Simon Callow, Clinton Heylin, David Thomson, and the Welles-approved Barbara Leaming have covered this ground, but what distinguishes this SS-20 of a tome is the attention on George Orson’s origins. Raised in Kenosha, Wisconsin by a pianist/actress mother and a dad whose early fortune as a bicycle lamp inventor hastened a descent into alcoholism, the polymath benefited from an environment that paid lip service to the arts; the first seventh of McGilligan’s book is a meticulous account of being a minor artist in the Roosevelt-Taft age, and I’m not usually interested in meticulous accounts of boyhoods. Less compelling is the story of the accumulating triumphs: Horse Eats Hat, Dr. Faustus, the Negro Macbeth, the Mercury Theatre, the contract with RKO Pictures. To my mind it settles the question of Welles’ authorship of Citizen Kane (he and the decrepit, beloved Herman J. Mankiewicz each wrote his own script, the latter under the supervision of bete noire John Houseman; Welles edited, discarded, and added material during filming). The revelations concern his private life: Welles was more infatuated with first wife, Chicago blue blood Virginia Nicolson, than evidence had suggested; his bedhopping was less prodigious than his appetites for steaks and poetry; and around homosexual men from whom he wanted to coax favors he liked to float the possibility that he was one of them (“When I’m with homosexuals, I become a little homosexual, to make them feel at home, you know,” he confided to Henry Jaglom decades later, a couple of years before lending his voice to the monster planet in Transformers: The Movie). A prescient move: Young Orson leaves the Young Genius at the threshold of an aesthetic triumph and at the start of a forty-year saga of wooing: producers, actor-stars, waiters.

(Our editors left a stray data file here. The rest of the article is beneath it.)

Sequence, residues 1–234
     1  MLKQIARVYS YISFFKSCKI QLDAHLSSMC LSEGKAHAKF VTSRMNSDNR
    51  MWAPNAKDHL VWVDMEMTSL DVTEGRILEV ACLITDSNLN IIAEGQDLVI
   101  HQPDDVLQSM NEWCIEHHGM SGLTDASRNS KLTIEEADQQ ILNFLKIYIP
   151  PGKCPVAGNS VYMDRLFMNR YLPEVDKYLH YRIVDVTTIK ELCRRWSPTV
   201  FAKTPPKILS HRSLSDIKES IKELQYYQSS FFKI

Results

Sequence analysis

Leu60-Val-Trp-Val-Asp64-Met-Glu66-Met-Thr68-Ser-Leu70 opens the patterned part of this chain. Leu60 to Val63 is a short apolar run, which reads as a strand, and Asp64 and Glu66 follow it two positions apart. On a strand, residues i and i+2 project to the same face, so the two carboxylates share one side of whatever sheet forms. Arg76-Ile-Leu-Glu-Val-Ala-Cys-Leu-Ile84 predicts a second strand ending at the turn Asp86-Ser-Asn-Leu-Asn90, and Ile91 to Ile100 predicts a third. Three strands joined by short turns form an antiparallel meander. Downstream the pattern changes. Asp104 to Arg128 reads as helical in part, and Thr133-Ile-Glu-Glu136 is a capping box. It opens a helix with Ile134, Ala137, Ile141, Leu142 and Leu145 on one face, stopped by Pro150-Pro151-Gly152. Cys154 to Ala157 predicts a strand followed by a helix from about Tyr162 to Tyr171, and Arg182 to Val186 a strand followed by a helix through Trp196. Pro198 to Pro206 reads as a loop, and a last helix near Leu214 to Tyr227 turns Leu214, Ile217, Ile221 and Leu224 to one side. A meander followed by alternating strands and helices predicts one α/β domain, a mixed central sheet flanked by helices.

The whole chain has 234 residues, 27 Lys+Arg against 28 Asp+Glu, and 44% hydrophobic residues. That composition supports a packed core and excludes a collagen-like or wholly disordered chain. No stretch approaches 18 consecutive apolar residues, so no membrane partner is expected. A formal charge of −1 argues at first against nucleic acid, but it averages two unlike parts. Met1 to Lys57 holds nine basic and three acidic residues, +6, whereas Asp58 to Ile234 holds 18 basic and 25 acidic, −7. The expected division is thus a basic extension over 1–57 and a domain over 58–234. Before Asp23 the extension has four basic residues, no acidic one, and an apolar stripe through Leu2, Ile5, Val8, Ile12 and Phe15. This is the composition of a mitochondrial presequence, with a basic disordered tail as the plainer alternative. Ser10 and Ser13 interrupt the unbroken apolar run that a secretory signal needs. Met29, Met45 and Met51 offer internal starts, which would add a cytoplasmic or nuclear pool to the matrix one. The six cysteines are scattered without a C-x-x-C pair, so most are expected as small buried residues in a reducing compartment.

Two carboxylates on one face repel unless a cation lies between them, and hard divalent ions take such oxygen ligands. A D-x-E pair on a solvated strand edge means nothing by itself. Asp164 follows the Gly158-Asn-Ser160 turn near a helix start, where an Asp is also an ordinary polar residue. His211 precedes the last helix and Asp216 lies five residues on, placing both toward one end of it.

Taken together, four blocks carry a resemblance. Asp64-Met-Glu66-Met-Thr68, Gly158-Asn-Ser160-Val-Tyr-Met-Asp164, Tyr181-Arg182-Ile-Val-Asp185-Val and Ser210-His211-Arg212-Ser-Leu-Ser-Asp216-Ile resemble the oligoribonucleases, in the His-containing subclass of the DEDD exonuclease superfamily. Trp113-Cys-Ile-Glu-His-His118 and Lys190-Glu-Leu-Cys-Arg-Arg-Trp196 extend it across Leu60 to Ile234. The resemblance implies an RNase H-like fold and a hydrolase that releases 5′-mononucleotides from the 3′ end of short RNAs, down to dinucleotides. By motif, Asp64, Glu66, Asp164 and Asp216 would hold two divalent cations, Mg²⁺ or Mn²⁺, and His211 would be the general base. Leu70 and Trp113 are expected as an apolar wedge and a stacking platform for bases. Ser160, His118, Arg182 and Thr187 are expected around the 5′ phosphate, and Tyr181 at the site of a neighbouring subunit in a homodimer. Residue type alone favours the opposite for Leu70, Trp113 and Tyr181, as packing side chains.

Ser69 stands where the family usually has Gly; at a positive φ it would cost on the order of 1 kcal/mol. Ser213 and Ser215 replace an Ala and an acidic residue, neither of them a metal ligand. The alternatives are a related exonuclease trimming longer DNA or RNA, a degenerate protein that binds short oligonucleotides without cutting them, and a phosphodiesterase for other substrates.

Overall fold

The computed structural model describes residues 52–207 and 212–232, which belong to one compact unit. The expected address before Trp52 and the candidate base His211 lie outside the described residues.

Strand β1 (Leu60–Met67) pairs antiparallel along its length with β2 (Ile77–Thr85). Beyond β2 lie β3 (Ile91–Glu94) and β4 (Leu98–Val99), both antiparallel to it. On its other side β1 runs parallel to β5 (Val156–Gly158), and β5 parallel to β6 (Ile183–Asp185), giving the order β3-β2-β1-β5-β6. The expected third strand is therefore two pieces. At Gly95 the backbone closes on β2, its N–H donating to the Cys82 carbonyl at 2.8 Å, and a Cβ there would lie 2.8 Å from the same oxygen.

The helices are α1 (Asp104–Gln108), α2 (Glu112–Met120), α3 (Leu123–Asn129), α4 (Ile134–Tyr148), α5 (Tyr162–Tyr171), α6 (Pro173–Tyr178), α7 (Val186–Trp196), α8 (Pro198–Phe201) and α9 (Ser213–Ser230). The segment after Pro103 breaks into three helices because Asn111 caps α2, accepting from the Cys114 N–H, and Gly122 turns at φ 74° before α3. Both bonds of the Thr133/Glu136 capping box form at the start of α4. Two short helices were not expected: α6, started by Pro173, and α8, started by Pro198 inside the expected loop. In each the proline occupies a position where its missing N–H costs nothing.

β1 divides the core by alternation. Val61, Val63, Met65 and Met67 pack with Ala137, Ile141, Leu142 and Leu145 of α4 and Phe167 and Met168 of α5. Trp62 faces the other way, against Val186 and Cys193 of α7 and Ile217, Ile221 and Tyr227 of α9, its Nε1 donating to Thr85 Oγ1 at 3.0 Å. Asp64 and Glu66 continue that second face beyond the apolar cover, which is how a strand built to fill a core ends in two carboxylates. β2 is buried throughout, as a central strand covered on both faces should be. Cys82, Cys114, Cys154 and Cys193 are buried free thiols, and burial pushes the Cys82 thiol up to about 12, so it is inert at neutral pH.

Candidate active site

Charles Savage — Power Wars: Inside Obama’s Post-9/11 Presidency